Raising Confident Kids by Ed Drew

A Book Review by Cat Brooks

I knew I was going to love Ed Drew’s book when the first chapter was entitled, ‘This is me.’ If you haven’t had to sit through your kids singing that song from the Greatest Showman with gusto in a school assembly, then you can thank the Lord for that. They are indeed a generation of kids who are marching to the beat of their own drum – and it is a chaotic mess of carnage.

I know you probably don’t want to think about this, but our children are growing up in a culture of ‘expressive individualism.’ As Carl Trueman writes in his book, ‘Strange New World’:

“Yes, we are wealthier and healthier than our ancestors.. but we do not know who we are anymore…[and] freedom without belonging is a grim burden to bear.”

Carl Trueman

The children of Western culture are lost at sea. They don’t know who they are. They’re free to choose everything, and they’re miserable. Their culture doesn’t have the assumptions I had when I was their age. I knew I was a girl; I even thought I was made by God. I knew I was significant but not the centre of the universe. I knew my feelings mattered but they weren’t Truth. Not so with children today – so I need to help my own children navigate these waters.

What joy to know, against this dark backdrop, the truth about what it is to be human. As Christians, we know who we are! We have a true ‘doctrine of the self.’ And we need to teach it to our children.

If you don’t teach your children who they are and why they’re here, somebody else will. That’s why we need Ed Drew’s book.  It’s a parenting book about how our identity in Christ affects everything. Our view of who we are affects how we teach our kids, how we love them, how we discipline them, and – yes – how we talk to them about sex. Which we really, really must do.

This is a helpful parenting book which gives you principles but not a 17-point sermon that you must preach every time your child whacks her brother. It’s simple, profound and encouraging. The chapters are short. Ed is humble and he tells very, very funny stories. If you’ve listened to the Faith in Kids podcast (which I heartily suggest you do), you will know the tone of this book. Ed is parenting on his knees in prayer, and he suggests we do that too.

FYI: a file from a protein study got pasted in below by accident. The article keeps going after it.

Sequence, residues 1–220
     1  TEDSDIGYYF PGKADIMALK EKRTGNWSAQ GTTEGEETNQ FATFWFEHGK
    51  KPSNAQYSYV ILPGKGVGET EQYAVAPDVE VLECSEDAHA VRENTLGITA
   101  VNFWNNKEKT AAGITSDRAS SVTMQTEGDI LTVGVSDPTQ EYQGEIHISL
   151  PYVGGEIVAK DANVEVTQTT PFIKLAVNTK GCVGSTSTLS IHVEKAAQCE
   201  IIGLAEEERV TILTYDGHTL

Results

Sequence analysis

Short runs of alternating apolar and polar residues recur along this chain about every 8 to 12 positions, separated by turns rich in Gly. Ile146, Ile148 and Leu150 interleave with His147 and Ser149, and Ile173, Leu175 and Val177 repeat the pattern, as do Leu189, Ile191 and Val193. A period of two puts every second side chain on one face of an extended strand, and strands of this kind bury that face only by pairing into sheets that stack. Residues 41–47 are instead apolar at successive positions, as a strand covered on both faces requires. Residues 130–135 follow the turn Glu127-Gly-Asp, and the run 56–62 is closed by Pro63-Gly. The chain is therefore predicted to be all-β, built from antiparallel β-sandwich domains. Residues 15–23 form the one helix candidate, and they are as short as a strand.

This is great news because when you’re tired, and you’ve got a young child who needs the ‘body parts’ talk and a teenager who is being bombarded with gender fluidity via their phone and their classmates, what you might find helpful is a book by a guru who has never made any mistakes and never cries in the bathroom. You might find it helpful, but it might make you feel more of a failure, and it might leave you with a nagging voice in your head next time things go pear-shaped at dinner.

What would be even better than a book by a guru with the 17-point sermon is a book by an ordinary dad who really knows his stuff but also talks to enough parents to know that kids are different, parents struggle and life can be messy. Even better if this guy also knows some funny stories to make you chuckle. Laughter is such a good gift.

I had my eldest 13 years ago, and since then the parenting pendulum has swung. I do worry about people – Christian parents – who seem to want to let their children be the centre the universe. Friends, we need this book. In Ed’s chapter, ‘You can change,’ he explains that we can parent for good behaviour or we can parent for good fruit. It’s so encouraging! (I say this as someone who’s children still cannot sit still in church.) We need reminding of these things.

He guides us through how to manage when your children are sad. (Some books I’ve read seem to deny that this will ever happen.) And yes, he also gives us advice about the sex and gender conversation. I will finish with a quote from his chapter on ‘I am Forgiven’, which taught me that my home can – and should – (and can!) be a place filled with God’s shalom. “Beauty and deep breaths.” Yes please, Lord!

‘The “gospel” of the Western world tells our kids that their biggest problem is not following their desires, that their biggest failure would be not following their heart or fulfilling their potential, or preventing someone else from following theirs; and that they will find freedom by ignoring any sense of guilt and find themselves by looking within… Our task is to root our kids in the gospel that is not only true but better.’ p. 56-57.

Ed Drew (p56-57)

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